C. J. Larsen and V. Slastikov. Dynamic cohesive fracture: models and analysis, Math. Models Methods Appl. Sci,24 (2014), pp. 18571875.Our goal in this paper is to initiate a mathematical study of dynamic cohesive fracture. Mathematical models of static cohesive fracture are quite well understood, and existence of solutions is known to rest on properties of the cohesive energy density $\psi$, which is a function of the jump in displacement. In particular, a relaxation is required (and a relaxation formula is known) if $\psi'(0^+)\not=\infty$. However, formulating a model for dynamic fracture when $\psi'(0^+)=\infty$ is not straightforward, compared to when $\psi'(0^+)$ is finite, and especially compared to when $\psi$ is smooth. We therefore formulate a model that is suitable when $\psi'(0^+)=\infty$ and also agrees with established models in the more regular case. We then analyze the onedimensional case and show existence when a finite number of potential fracture points are specified a priori, independent of the regularity of $\psi$. We also show that if $\psi'(0^+)<\infty$, then relaxation is necessary without this constraint, at least for some initial data.
 G. Dal Maso and C. J. Larsen. Existence for wave equations on domains with arbitrary growing cracks, Rend. Lincei Mat. App., 22 (2011), pp. 387408. (special issue in honor of Giovanni Prodi)In this paper we formulate and study scalar wave equations on domains with arbitrary growing cracks. This includes a zero Neumann condition on the crack sets, and the only assumptions on these sets are that they have bounded surface measure and are growing in the sense of set inclusion. In particular, they may be dense, so the weak formulations must fall outside of the usual weak formulations using Sobolev spaces. We study both damped and undamped equations, showing existence and, for the damped equation, uniqueness and energy conservation.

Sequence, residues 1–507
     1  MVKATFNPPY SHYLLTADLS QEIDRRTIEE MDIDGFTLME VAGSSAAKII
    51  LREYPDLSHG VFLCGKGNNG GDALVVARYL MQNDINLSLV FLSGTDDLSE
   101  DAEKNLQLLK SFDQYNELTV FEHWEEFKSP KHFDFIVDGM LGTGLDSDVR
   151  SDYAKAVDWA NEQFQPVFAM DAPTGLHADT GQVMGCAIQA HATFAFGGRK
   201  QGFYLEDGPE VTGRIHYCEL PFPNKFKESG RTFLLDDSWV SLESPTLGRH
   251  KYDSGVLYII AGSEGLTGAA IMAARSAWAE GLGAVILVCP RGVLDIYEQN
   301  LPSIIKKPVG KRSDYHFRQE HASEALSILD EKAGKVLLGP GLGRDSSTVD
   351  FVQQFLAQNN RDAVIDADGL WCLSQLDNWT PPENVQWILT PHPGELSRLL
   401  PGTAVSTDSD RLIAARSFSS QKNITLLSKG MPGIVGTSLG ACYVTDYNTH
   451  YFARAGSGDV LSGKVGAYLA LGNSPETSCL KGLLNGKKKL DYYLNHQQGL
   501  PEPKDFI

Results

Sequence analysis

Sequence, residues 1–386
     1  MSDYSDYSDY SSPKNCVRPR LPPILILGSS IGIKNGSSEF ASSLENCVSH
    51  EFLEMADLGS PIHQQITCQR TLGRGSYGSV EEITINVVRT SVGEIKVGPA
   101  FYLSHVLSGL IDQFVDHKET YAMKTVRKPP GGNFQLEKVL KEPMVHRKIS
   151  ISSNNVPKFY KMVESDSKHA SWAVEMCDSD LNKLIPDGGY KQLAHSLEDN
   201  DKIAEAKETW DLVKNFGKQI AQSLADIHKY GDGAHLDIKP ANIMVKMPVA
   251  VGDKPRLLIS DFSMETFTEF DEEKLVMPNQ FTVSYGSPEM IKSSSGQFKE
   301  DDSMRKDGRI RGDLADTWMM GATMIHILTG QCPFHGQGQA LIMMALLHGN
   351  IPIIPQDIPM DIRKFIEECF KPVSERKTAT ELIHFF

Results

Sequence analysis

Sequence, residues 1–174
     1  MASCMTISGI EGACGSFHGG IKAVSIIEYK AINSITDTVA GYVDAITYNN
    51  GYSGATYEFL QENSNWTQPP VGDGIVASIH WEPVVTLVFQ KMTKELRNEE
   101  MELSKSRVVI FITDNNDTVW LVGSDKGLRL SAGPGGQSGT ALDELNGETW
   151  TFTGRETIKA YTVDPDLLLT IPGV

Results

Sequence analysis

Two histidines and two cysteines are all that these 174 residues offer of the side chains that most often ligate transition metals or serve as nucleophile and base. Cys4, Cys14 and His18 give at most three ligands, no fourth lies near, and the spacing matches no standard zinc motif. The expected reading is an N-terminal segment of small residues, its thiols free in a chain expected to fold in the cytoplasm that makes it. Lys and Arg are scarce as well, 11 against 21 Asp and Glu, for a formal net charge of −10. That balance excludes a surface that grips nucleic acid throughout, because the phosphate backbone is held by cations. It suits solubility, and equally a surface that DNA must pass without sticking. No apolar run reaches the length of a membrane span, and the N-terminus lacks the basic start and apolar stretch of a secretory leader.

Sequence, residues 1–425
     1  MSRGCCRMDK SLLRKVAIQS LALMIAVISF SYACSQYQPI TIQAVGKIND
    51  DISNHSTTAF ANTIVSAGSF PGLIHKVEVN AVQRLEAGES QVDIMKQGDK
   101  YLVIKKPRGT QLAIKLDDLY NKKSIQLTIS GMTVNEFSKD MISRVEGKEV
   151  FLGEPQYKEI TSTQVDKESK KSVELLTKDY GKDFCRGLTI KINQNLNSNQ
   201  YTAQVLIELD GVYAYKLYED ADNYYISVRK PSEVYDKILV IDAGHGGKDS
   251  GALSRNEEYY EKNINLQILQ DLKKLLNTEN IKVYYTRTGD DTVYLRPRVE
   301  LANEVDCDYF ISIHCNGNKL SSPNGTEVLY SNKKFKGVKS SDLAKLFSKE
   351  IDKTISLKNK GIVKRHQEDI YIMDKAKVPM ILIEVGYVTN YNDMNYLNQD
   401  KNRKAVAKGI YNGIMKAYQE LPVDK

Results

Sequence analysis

C. J. Larsen. Models for dynamic fracture based on Griffith's criterion,
in IUTAM Symposium on Variational Concepts with Applications to the Mechanics of Materials (Klaus Hackl, ed.), Springer, 2010, pp. 131140.
There has been much recent progress in extending Griffith's criterion for crack growth into mathematical models for quasistatic crack evolution that are wellposed, in the sense that there exist solutions that can be numerically approximated. However, mathematical progress toward dynamic fracture (crack growth consistent with Griffith's criterion, together with elastodynamics) has been more meager. We describe some recent results on a phasefield model of dynamic fracture, and introduce models for "sharp interface" dynamic fracture.

C. J. Larsen, C. Ortner, and E. Süli. Existence of
solutions to a regularized model of dynamic fracture,
Math. Models Methods Appl. Sci. 20 (2010), pp. 10211048.